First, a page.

Table E-4: Immigrant households (by period of immigration) and Canadian-born households—percentage of households receiving transfer payments, average amount of government transfer payments, and transfer payments as a share of income, by age of older parent in family or oldest person in non-family household, Edmonton Census Metropolitan Area, 2000
  15 to 24 years 25 to 44 years 45 to 65 years 65 years and over Total
Share of households receiving government transfer payments
Canadian-born households 99% 100% 99% 100% 100%
Earlier immigrant households 101% 100% 99% 100% 100%
Recent immigrant households 99% 100% 100% 100% 100%
 1986-1995 immigrants 98% 100% 100% 100% 100%
 1996-1999 immigrants with others 100% 99% 100% 98% 100%
 1996-1999 immigrants only 100% 100% 100% 100% 100%
Average amount of transfer per receiving household
Canadian-born households $2,300 $3,110 $3,520 $17,630 $5,540
Earlier immigrant households $2,100 $3,850 $4,080 $18,600 $8,490
Recent immigrant households $1,580 $4,580 $4,960 $18,420 $6,080
 1986-1995 immigrants $1,520 $4,510 $4,610 $18,530 $6,100
 1996-1999 immigrants with others $1,390 $4,850 $7,540 $19,700 $7,080
 1996-1999 immigrants only $2,020 $4,580 $4,730 $11,830 $4,780
Transfers as a share of income, all households
Canadian-born households 8% 5% 5% 39% 9%
Earlier immigrant households 7% 6% 5% 41% 13%
Recent immigrant households 6% 9% 8% 33% 11%
 1986-1995 immigrants 6% 8% 7% 34% 11%
 1996-1999 immigrants with others 3% 8% 11% 30% 11%
 1996-1999 immigrants only 13% 12% 10% 30% 12%

Note: Incomes are for the year 2000. In all tables in Part E, immigrants and very recent immigrants include only those who landed before the year 2000 and could have had income the entire year.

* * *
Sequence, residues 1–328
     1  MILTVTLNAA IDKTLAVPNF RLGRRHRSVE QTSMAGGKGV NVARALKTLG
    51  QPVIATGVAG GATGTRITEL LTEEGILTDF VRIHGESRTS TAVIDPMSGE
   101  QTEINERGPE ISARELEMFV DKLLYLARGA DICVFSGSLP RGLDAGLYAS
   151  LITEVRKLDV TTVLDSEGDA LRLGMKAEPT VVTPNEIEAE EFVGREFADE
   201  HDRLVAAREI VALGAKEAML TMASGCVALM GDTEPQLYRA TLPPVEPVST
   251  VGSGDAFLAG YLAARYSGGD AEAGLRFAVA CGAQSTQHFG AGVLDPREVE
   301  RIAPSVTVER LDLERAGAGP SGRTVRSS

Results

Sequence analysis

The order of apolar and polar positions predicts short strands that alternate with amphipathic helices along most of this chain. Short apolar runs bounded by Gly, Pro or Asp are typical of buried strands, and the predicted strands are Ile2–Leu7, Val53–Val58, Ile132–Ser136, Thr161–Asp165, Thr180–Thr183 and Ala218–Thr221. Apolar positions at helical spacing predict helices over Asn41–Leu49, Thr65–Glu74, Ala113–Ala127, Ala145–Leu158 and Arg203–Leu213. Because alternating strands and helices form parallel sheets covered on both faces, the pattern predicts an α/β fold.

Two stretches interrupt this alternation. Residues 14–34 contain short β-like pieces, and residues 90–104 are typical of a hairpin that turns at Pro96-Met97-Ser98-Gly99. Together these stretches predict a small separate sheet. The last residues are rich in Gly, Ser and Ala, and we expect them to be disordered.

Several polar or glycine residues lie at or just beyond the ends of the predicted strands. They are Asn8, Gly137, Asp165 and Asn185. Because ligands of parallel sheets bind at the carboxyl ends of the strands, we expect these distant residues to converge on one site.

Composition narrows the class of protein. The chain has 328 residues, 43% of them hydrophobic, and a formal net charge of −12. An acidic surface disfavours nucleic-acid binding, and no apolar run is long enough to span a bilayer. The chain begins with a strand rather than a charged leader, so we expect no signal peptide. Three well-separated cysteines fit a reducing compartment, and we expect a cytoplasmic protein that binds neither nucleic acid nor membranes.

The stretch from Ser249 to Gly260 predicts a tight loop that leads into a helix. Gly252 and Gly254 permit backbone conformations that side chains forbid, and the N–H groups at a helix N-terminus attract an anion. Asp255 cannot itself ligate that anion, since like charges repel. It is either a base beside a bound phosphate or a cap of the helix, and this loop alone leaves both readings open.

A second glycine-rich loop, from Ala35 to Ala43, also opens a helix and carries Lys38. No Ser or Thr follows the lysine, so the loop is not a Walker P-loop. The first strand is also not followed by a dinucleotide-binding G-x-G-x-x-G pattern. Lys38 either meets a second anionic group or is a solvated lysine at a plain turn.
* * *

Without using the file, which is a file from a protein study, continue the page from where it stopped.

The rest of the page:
Transfer payments to households without seniors generally reflect benefits of Employment Insurance, Workers Compensation, social assistance, student assistance or other programs. Included in these transfer payments are tax credits such as the Canada Child Benefit, GST tax credits and tax credits from the Government of Alberta. The larger amounts of transfer payments for recent immigrant households of persons of 25 to 64 years old may have to do with the larger average number of children in families and with differences in labour market participation and unemployment reviewed in Part D. That transfer payments from government make up a larger part of income than for their Canadian-born and earlier immigrant counterparts also reflects their lower incomes.

Almost all households with persons of 65 years of age and over received transfer payments from government: Old Age Security, the Guaranteed Income Supplement, or Canada or Quebec Pension Plan benefits. Recent immigrant households of seniors on average received somewhat more than Canadian-born households, but households consisting only of very recent immigrants received much less. Very recent immigrants are not entitled to Old Age Security and have not built up large credits under the Canada or Quebec Pension Plan.